Halloween safety isn’t tricky

Posted: Friday, October 28, 2005

Beastly boys and little ghouls are just days away from collecting sacks of sweets, and area police have a bit of advice for staying out of harm’s way on Halloween.

“Don’t get so excited about candy that you forget about safety,” said Sgt. Tod McGillivray with the Soldotna Police Department.

McGillivray has several tips for children, parents and other chaperons during the house-hopping holiday.

“Young kids should be accompanied by parents,” he said. McGillivray added that older children should not go alone either, even if autonomous enough to go without a guardian.

“There is safety in numbers and they should go in either small, or preferably, large groups,” he said in regard to older children and teens.

McGillivray also said that Halloween night is a busy time for motorist and pedestrian traffic, even in residential areas.

“Things are really cranking from about 6 p.m. to 9 p.m. and anything past that is a little late to be out,” he said.

Although many costumes may include dark colors or black capes, McGillivray recommended children think about visibility.

“It’s a good idea to wear light-colored clothing, add reflective tape or materials, use glow sticks or carry flash lights — basically anything that motorists can see,” he said.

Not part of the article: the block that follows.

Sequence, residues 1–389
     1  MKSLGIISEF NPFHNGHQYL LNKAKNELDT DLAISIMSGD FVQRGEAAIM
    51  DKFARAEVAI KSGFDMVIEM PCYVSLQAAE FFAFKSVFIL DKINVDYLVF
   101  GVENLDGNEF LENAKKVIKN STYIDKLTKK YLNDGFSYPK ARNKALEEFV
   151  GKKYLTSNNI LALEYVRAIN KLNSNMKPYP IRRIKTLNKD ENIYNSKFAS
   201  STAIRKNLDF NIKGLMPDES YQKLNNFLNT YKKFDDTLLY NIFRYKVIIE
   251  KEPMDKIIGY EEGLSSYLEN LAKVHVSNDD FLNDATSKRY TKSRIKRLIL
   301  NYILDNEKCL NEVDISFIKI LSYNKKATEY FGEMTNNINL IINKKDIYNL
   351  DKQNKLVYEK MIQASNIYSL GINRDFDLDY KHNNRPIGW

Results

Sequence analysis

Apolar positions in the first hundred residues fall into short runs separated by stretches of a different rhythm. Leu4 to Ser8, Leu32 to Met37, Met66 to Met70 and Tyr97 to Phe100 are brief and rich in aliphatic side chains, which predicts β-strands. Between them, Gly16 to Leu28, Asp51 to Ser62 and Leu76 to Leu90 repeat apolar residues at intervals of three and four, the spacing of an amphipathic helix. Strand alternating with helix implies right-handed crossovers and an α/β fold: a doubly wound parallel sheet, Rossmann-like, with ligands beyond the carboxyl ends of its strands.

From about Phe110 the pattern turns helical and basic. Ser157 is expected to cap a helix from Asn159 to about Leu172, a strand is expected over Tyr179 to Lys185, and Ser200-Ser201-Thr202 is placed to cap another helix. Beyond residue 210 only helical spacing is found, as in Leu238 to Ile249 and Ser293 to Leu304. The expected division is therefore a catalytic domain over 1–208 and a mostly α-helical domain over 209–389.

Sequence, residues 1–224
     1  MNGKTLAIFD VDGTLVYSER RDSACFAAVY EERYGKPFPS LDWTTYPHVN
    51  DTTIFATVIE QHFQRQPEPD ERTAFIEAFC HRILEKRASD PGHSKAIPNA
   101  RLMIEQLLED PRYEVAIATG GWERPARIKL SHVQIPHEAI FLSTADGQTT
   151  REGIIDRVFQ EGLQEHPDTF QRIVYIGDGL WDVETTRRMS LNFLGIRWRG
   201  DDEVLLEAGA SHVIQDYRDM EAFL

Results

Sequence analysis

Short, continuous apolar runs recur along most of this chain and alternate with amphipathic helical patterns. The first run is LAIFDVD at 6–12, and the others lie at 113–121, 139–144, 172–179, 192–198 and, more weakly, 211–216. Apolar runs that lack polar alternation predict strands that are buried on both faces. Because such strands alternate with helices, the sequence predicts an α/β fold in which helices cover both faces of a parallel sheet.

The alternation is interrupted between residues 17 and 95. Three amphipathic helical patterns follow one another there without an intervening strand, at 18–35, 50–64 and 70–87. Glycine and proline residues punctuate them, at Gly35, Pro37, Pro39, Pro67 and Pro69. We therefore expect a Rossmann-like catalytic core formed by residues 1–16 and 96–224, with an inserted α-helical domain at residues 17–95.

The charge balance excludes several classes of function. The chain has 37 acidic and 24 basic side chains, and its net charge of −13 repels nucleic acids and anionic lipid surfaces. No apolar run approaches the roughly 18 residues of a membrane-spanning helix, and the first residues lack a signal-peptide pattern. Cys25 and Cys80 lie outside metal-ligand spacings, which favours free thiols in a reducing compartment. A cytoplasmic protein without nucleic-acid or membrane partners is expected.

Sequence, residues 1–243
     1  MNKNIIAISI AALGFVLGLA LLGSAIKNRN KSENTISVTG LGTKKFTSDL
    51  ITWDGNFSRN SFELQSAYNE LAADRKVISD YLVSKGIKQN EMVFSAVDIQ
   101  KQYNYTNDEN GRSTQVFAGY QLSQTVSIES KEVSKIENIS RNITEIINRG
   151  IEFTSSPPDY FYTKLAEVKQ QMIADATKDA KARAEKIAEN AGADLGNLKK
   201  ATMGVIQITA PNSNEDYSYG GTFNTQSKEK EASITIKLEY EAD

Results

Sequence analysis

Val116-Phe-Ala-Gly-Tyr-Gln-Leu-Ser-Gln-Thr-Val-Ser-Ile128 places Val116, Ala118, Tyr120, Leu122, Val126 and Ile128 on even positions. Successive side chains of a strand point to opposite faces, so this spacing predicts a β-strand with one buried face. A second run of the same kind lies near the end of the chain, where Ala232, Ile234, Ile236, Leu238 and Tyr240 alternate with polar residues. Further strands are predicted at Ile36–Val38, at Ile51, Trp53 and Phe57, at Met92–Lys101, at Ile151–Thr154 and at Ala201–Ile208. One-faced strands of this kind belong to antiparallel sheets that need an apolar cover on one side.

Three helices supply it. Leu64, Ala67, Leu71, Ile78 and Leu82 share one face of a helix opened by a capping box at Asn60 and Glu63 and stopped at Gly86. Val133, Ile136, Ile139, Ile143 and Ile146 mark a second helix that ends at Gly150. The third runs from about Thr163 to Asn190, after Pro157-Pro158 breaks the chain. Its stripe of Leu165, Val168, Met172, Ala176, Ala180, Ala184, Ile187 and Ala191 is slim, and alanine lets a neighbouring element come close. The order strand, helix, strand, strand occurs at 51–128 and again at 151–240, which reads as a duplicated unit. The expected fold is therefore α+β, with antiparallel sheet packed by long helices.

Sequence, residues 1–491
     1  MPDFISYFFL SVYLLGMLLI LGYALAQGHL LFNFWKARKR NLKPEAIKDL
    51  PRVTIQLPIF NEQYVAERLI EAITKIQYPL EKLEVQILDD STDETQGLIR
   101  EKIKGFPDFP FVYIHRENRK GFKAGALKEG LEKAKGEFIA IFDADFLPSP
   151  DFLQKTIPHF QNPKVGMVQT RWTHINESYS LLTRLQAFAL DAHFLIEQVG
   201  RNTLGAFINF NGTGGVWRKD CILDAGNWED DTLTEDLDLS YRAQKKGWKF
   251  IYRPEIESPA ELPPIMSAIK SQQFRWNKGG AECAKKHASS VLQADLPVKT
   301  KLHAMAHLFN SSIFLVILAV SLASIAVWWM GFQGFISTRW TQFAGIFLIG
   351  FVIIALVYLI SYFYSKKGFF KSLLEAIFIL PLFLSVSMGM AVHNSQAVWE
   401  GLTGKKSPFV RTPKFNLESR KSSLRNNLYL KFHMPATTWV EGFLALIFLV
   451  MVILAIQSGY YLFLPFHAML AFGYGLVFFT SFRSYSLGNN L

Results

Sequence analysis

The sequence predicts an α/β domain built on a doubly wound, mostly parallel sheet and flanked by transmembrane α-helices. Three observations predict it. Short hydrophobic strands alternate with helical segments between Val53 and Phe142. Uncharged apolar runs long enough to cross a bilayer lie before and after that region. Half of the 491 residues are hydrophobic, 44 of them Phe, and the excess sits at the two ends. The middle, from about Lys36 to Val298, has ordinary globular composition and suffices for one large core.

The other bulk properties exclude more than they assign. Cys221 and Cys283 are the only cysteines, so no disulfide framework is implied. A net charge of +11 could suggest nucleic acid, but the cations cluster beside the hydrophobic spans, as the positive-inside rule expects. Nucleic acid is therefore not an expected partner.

McGillivray also recommended using sidewalks where they are available, and staying to the side of the road when they are not.

Kelly George, an investigator with the Kenai Police Department, also reminds children not to walk across people’s yards, or cut through backyards where a dog may be. Instead he said children should use established paths and walkways.

George also pointed out that although Halloween can be an exciting time for kids, they shouldn’t run from door to door.

Running near the road just makes things more challenging for motorists. Also, many costumes may not fit properly, or have tiny holes in masks for vision, so running could lead to a trip, fall or other injury, he said.

Although getting into the treats right away can be tempting, McGillivray said parents should be diligent in inspecting all candy first.

“Go through and look to be sure none of the wrappers have been tampered with,” he said. He also said trick-or-treaters shouldn’t take homemade treats from anyone unless they come from family friends.

George said following these safety tips can better ensure a positive and fun-filled night for everyone, whether trick-or-treating or attending fall harvest carnivals.

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